Comments are due December 29 on a proposal that would require banks and money transmitters to report information to the U.S. government regarding international fund transfers, including the Social Security numbers of individuals that send or receive such funds.
On September 30, 2010, the Financial Crimes Enforcement Network (FinCEN), a bureau of the U.S. Department of the Treasury, published a Notice of Proposed Rulemaking (NPRM) for public comment. The proposal would amend Bank Secrecy Act (BSA) regulations to add two new requirements. First, banks and money transmitters would be required to report transmittal information on cross-border electronic transmittals of funds (CBETFs) on an ongoing basis; banks would have to report transfers of any amount, while money transmitters would have to report transfers of at least $1,000. For reportable transactions of $3,000 or more, money transmitters would have to include in the report the taxpayer identification number (TIN), alien identification number, or passport number of the transmitter or recipient. Second, the proposal would require all banks to file an annual report with FinCEN of the account numbers and TINs associated with each account that initiated or received a CBETF.
The information that would be reported is largely information that banks and money transmitters already collect, even though they currently are not required to report it as they would be under the proposed rule.
The proposal is aimed at furthering the government’s efforts to combat money laundering, terrorist financing, and other violations of law such as tax evasion and customs fraud. The reports, FinCEN asserts, would greatly facilitate the ability of authorities to investigate and prosecute such activity. The reports would be submitted to FinCEN, but could be accessed by other federal and state authorities. This is already the case with other data currently collected pursuant to BSA.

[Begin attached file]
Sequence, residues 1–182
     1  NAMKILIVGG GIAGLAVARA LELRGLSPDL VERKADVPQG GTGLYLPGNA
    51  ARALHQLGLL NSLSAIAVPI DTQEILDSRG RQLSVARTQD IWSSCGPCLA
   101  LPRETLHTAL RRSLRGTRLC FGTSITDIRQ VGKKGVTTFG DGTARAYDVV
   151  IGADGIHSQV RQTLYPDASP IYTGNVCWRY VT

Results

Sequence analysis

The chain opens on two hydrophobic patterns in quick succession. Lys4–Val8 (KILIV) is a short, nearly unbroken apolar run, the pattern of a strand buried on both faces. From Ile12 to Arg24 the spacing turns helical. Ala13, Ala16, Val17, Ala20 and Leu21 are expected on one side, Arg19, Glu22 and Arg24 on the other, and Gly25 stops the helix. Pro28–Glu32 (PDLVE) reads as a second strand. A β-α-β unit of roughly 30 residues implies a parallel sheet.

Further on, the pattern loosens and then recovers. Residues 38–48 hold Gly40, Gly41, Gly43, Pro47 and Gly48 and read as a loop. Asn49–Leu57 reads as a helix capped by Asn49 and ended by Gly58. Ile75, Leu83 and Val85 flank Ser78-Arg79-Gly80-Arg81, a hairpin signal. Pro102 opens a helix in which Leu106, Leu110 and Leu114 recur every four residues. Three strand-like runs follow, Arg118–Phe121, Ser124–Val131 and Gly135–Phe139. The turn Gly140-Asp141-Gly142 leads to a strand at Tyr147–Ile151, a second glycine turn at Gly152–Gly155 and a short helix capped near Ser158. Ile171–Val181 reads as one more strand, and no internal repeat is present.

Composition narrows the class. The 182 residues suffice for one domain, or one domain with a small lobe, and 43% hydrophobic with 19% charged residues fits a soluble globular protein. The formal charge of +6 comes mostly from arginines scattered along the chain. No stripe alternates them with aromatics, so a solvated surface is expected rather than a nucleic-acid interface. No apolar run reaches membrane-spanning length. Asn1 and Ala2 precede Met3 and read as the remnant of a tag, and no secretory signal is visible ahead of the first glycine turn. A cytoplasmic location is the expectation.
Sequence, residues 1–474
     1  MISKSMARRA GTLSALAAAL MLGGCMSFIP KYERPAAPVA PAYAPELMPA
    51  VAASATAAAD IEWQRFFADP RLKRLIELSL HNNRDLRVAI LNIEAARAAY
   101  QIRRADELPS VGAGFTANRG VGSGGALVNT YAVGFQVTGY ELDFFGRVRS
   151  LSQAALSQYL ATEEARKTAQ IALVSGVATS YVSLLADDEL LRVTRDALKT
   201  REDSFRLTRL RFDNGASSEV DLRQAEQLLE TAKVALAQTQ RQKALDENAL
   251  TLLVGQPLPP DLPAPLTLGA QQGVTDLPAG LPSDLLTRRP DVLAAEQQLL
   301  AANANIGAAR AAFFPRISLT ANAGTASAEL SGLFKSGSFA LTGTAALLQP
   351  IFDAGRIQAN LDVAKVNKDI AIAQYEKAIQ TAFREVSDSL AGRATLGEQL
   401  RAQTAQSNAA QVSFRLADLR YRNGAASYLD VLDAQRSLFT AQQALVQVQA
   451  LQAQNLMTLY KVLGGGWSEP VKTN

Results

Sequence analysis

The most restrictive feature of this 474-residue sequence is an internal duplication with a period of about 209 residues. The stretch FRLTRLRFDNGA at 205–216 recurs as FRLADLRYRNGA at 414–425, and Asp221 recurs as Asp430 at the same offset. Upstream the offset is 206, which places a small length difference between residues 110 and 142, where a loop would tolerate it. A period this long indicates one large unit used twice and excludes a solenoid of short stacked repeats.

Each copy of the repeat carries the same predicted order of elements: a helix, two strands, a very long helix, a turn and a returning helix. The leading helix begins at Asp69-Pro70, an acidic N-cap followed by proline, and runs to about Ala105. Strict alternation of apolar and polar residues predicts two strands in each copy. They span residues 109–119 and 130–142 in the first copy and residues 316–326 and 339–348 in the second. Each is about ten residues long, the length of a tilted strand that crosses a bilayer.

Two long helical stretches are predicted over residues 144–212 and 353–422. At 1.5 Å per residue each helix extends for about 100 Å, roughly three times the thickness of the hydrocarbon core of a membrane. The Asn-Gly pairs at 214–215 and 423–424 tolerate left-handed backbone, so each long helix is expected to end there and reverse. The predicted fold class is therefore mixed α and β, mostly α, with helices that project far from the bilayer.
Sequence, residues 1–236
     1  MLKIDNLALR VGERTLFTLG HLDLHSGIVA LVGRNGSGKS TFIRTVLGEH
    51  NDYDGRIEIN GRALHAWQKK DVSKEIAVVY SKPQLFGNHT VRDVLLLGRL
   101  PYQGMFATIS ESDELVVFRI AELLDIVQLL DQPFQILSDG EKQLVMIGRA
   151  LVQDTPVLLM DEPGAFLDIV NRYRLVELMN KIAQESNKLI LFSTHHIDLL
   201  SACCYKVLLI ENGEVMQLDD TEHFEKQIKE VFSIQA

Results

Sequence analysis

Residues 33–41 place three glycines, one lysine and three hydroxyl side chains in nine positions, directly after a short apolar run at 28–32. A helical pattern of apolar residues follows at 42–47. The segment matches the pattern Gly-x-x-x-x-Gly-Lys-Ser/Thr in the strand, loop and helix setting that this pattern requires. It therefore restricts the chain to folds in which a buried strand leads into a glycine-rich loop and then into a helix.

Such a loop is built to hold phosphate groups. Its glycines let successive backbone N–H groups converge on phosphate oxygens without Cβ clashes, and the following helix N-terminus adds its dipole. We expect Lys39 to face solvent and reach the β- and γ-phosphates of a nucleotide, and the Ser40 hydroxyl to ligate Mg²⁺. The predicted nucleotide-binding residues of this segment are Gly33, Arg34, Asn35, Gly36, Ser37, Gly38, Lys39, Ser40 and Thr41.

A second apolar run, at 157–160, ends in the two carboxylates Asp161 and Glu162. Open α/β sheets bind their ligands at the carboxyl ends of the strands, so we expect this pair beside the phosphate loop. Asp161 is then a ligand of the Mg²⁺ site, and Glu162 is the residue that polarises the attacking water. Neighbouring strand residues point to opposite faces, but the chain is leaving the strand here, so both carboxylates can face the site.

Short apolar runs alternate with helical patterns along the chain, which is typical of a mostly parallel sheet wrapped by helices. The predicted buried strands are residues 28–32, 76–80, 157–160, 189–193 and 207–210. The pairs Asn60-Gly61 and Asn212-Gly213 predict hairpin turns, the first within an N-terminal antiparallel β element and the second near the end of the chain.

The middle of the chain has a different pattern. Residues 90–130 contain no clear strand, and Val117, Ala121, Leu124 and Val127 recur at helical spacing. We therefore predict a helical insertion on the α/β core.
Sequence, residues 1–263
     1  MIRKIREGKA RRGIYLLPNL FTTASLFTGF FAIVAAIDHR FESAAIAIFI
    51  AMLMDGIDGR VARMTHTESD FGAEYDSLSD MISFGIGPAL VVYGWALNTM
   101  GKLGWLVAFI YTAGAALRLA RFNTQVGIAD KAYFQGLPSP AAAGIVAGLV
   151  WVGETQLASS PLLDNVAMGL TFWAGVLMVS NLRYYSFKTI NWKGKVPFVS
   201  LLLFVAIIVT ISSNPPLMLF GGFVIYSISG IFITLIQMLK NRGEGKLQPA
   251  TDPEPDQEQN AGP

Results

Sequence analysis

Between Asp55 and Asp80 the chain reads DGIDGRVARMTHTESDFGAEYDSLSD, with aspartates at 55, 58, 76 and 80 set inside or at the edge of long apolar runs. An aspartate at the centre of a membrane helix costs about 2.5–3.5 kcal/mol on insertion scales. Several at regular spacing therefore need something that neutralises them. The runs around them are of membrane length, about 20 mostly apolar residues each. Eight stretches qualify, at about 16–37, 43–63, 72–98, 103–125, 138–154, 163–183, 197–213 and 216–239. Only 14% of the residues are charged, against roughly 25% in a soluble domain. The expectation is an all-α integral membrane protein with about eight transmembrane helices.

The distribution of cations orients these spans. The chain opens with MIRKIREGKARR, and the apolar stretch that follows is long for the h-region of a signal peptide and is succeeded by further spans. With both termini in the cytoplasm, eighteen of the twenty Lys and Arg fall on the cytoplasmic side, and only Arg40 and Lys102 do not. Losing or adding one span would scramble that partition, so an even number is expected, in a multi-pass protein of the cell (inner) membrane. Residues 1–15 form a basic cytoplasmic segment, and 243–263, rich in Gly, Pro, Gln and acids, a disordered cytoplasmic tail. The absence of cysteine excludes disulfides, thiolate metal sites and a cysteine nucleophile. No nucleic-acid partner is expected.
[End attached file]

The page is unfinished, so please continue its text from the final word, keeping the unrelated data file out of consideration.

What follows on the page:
However, the affirmative reporting of information on all CBETFs – including account numbers and TINs – would be a significant change. FinCEN would be given the Social Security number of every individual that uses a U.S. bank to either send or receive funds electronically across U.S. borders, and of many other persons that use money transmitters for such transfers. This raises possible privacy and data security concerns – due both to the fact of the government having such data and to the need to prevent improper access to or misuse of the data.
FinCEN has acknowledged the privacy and security concerns raised by the proposal and states that it will maintain sufficient procedures to keep such information safe and secure. The data, FinCEN observes in the NPRM, “is highly sensitive data containing details about the financial activity of private persons. Without proper safeguards, this data could be at risk of inadvertent or deliberate disclosure or misuse[.]”
FinCEN is statutorily prohibited from issuing a final rule until it has established adequate, secure systems to accept the required reports. For that reason, FinCEN does not expect to issue a final rule before January 1, 2012, because it does not expect to have the information technology systems in place to accept the reports before that time. Even after a final rule is issued, FinCEN anticipates delaying the mandatory compliance date for some period to allow time for financial institutions to implement procedures to comply with the rule.